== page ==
Bahrain’s King Hamad bin Isa Al Khalifa has reaffirmed the Kingdom’s commitment to its long-standing positions with Saudi Arabia, the United Arab Emirates and Egypt to safeguard the security and stability of the region.

He said Qatar should “stop the support and funding of terrorism and meet the conditions that have been announced and stipulated in the agreements reached in this framework.”

The King made his speech as he received senior state officials and diplomats at Al-Sakhir Palace on the occasion of Ramadan.

The Arab Quartet – Saudi Arabia, Bahrain, UAE and Egypt – boycotted Qatar in June 2017 for backing terrorism.


 

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UAE seeks ICJ's order to stop Qatar from escalating crisis
Wam/Abu Dhabi
May 11, 2019


UAE also disproved the allegation that the it expelled Qatari citizens from the country.

UAE has told the International Court of Justice (ICJ) that the documents and arguments presented to the Court by Qatar against the UAE were either fabricated or outright counterfactual. The UAE requested the World Court to take punitive steps necessary to stop Qatar from its cynical attempts to manipulate the international forums for settling scores with its neighbours.

The submission made by the UAE at the conclusive session of the three-day ICJ hearing stressed that the Qataris whose rights to enter the UAE were allegedly violated had never used the hotline set up for the purpose in June 2017 or apply for entry permits. The UAE pointed out that similar fabrication of names and documents by Qatar happened in the case with Bahrain as well. The hearing on Thursday, May 9 took place to consider the UAE's request for interim action for protecting its sovereign rights and adjudicating its complaints against Qatar.

The UAE Ambassador to the Netherlands Dr Hessa Al Otaiba said in her conclusive remarks that the submission presented to the Court by the UAE's legal team showed beyond any shadow of doubt that the UAE had never indulged in racial discrimination as alleged by Qatar. She added that Qatar was continuously escalating the conflict and making resolution of the crisis even harder.

The UAE pointed out that Qatar was actually misusing the Agreement for the Elimination of Racial Discrimination with a view to defaming the UAE by lodging two separate cases on the same issue. The documents submitted by the UAE also confirmed that Qatar had used its vast media network to spread lies and falsehoods against the UAE about the issues brought to the Court's attention.

The UAE also disproved the allegation that it had expelled Qatari citizens from the country. Interestingly, Qatar admitted before the Court that it had blocked on grounds of security the website through which its citizens could apply for entry permits. This, the UAE asserted, was a ploy to cook up evidence against the UAE and claim it was defying the Court's decision.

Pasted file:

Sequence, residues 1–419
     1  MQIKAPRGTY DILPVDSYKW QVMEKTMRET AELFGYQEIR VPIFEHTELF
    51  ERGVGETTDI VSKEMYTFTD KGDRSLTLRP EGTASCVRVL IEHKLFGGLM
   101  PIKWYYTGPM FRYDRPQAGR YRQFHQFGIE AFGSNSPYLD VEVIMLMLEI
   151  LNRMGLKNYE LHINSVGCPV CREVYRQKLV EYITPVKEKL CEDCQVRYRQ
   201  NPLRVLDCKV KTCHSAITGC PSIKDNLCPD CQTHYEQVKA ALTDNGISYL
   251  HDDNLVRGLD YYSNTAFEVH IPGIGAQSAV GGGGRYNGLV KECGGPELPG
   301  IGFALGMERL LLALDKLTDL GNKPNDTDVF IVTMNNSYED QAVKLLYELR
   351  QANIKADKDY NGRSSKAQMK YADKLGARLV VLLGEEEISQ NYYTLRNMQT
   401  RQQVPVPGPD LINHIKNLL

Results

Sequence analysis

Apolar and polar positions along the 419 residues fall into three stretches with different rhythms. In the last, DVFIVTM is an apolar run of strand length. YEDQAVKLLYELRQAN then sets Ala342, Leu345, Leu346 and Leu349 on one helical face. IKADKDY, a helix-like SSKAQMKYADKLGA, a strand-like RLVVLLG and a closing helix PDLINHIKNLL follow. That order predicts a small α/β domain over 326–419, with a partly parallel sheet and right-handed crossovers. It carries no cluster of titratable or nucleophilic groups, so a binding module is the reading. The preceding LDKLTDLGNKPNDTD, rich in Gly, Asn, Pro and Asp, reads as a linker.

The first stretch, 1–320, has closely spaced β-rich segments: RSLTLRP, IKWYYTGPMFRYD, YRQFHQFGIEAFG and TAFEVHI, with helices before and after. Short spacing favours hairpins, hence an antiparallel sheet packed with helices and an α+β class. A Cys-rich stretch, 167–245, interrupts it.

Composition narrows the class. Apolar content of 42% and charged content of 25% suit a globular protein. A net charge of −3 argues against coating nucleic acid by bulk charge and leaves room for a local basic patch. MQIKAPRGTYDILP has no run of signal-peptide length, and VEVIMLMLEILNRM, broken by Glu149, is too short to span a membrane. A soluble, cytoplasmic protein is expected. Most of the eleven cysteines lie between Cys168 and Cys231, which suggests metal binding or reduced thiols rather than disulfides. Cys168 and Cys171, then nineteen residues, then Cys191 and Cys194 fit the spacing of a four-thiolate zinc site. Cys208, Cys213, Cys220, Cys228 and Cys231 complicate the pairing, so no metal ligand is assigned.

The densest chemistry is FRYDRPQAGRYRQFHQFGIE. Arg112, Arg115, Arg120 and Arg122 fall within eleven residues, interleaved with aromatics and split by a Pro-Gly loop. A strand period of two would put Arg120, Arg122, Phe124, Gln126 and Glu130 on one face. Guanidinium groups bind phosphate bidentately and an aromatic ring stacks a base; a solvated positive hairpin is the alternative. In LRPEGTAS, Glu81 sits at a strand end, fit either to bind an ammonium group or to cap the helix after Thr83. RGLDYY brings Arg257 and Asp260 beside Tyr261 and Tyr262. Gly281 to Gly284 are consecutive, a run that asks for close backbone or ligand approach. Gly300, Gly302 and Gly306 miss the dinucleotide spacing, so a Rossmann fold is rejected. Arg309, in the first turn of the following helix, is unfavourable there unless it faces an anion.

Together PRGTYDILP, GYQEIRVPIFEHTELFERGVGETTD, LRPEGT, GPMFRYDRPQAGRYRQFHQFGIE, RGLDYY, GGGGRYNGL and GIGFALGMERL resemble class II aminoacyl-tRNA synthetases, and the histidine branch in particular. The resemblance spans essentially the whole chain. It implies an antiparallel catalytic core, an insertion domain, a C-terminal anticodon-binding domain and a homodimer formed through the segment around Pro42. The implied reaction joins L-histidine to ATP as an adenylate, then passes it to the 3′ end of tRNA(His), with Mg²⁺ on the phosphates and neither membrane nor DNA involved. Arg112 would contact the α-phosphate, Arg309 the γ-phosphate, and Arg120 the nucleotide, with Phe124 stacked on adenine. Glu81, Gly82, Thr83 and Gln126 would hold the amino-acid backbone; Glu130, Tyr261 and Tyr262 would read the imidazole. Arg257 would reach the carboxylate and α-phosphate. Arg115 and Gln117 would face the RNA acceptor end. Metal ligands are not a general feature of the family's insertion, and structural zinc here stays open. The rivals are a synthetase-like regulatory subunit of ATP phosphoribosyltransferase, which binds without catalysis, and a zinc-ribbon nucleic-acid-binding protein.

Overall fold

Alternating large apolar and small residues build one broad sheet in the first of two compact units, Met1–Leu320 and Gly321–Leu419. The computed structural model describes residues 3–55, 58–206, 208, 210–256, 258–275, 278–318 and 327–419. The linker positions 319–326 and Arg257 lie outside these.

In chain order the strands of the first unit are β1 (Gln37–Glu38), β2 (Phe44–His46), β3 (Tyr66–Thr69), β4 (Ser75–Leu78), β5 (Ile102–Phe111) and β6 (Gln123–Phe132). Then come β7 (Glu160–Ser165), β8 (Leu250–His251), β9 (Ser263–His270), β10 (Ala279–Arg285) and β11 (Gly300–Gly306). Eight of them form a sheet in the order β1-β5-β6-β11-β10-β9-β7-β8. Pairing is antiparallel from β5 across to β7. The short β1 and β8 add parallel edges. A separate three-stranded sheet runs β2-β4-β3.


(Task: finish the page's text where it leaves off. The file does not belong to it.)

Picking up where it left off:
Pointing out that the Court had taken some interim action while it considered the Qatari pleas, the UAE Ambassador said that the UAE expected the same from the Court in respect to the UAE's pleas.

"All that we are asking is for the Court to protect the UAE's rights on an equal footing. We request the Court to order Qatar to unblock our website for Qataris to apply for entry permits. Blocking the website is a typical Qatari ploy to prevent us from facilitating the visit of their citizens to the UAE and to create the impression that we were discriminating against them," she explained.



 

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How the 9/11 mastermind vanished from Qatar
Web Report
Filed on September 11, 2017



The US administration found that Khalid Sheikh was working in Qatar

The mastermind of the 9/11 attacks got sanctuary in Qatar, reveals Richard Clarke, the former US National Coordinator for Security and Counter-terrorism in the Clinton and Bush administrations, in an article in the New York Daily News.

"Most people associate the name of Osama Bin Laden with the mass murders of 9/11, but another man, a serial terrorist, was the real ringleader. I first learned his name, Khalid Sheikh Muhammad (KSM), in 1993 as someone connected to the truck bomb attack on the World Trade Centre. We later learned that he had an unparalleled ability to organise large-scale terrorist attacks, something bin Laden lacked," Clarke wrote.

The mastermind Khalid Sheikh Muhammad is a Pakistani who grew up in Kuwait and studied in North Carolina for his undergraduate degree, Al Arabiya reports.

After being involved in the New York attack, he resurfaced in Manila in 1995, and was behind another plot to bomb American planes over the Pacific.

The US security establishment and political leadership by 1996 "considered him the most dangerous individual terrorist at large."
Later the US administration found that Khalid Sheikh was working in Qatar in the Water Department as a matter of official cover.


Clarke says: "It is an understatement to say that before 9/11, the US military leadership was very reluctant to engage in counter-terrorism operations." Finally, the Clinton Administration decided to directly approach the Qataris in the case of Khalid Sheikh.

"To mitigate the risk inherent in that move, the US ambassador was asked to talk only to the Amir. He would ask the Amir to talk only to the head of the Qatari security service. The request was that they should grab KSM [Khalid Sheikh Muhammad] and hold him for a few hours until we could land an arrest team to fly him to the US," writes Clarke.

However, within hours the US envoy had met the Amir with the request, Khalid Sheikh had disappeared from Doha.